Moonchild Sanelly (Ash Bosman)
Moonchild Sanelly (Ash Bosman)

Welcome the newest addition to Shangri-La. This one-off stage will only be here for 2024, but it’s on a mission to spread love and unity throughout the festival and beyond through a combination of art interventions, speeches and performance.

With artists including Lambrini Girls, Fat Dog, Bob Vylan, and Kneecap due to make an appearance, in addition to The Tolerance Project, Anish Kapoor (formerly known as Stuart Semple), and Shade Cartel, it’s well worth making the time to swing by during the festival and see what’s on.

The Wishing Well

One of two new venues to appear on the site of the old Rabbit Hole venue after 17 years, The Wishing Well will be based in the Park and has been described by Glastonbury as "a place in which to ignite your deepest desires and unfurl your wildest wishes".

Colour us intrigued – and the lineup features a fun mix of artists and performances, with appearances Moonchild Sanelly, Tors, Stornoway, Ustad Noor Bakhsh, and many more.


Further around the Park waits Scissors, a brand new LGBTQ+ venue that has been described as “a queer wonderland.” There’ll be a place to get haircuts and play pool, along with a beer garden and the Flick Shack cinema.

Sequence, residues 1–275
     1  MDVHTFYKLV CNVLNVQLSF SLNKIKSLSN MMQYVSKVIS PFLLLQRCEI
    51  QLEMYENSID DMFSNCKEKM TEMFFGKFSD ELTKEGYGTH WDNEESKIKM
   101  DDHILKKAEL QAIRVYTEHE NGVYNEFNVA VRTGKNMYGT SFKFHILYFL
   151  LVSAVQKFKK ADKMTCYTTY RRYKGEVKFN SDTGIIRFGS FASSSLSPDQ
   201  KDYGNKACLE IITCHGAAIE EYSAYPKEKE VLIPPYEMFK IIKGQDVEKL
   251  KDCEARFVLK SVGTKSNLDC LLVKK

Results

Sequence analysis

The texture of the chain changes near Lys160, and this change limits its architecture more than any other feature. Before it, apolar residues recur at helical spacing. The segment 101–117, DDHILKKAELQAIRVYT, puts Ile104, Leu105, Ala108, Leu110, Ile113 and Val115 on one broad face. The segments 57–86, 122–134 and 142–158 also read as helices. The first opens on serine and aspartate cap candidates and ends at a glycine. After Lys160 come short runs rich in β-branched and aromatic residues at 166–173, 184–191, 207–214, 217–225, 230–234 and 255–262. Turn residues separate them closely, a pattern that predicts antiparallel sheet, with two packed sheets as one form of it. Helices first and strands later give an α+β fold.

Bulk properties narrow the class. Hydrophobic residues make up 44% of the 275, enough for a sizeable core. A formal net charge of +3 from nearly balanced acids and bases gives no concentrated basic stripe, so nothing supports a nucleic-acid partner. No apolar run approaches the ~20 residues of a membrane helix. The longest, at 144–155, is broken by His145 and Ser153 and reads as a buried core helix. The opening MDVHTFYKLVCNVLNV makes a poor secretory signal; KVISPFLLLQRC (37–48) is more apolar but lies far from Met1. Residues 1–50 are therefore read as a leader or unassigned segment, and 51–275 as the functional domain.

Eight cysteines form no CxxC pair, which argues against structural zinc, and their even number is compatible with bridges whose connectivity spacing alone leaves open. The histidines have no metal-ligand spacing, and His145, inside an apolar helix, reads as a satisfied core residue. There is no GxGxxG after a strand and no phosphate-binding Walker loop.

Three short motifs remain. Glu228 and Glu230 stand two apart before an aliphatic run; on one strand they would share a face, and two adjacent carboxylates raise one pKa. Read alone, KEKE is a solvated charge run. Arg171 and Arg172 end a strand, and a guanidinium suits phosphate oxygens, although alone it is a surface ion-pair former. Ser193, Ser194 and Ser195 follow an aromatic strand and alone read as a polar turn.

There’ll be talks and workshops (including a Q&A with Sophie Ellis Bextor), and of course, when nighttime comes, there’s also Kiki’s nightclub, which boasts a lineup including Porij, Pxssy Palace, Queer House Party and Cocoa Butter Club.


We don’t quite know what this will look like yet, but Arrivals has been billed as Glastonbury’s first ‘space’ dedicated to South Asian talent. A collaboration between cultural organisations Dialled In, Going South and Daytimers, it has been completely designed and built (as well as decorated) by a South Asian team.

According to the festival, visitors “will be transported through a portal to an alien jungle planet, immersed by an audio visual world coded in solar punk, carnivorous plants, cyborg beasts and space pirates.” And with performances from 90s icon DJ Ritu, as well as Manara and Nabihah Iqbal, it promises to be a party to remember.

Terminal One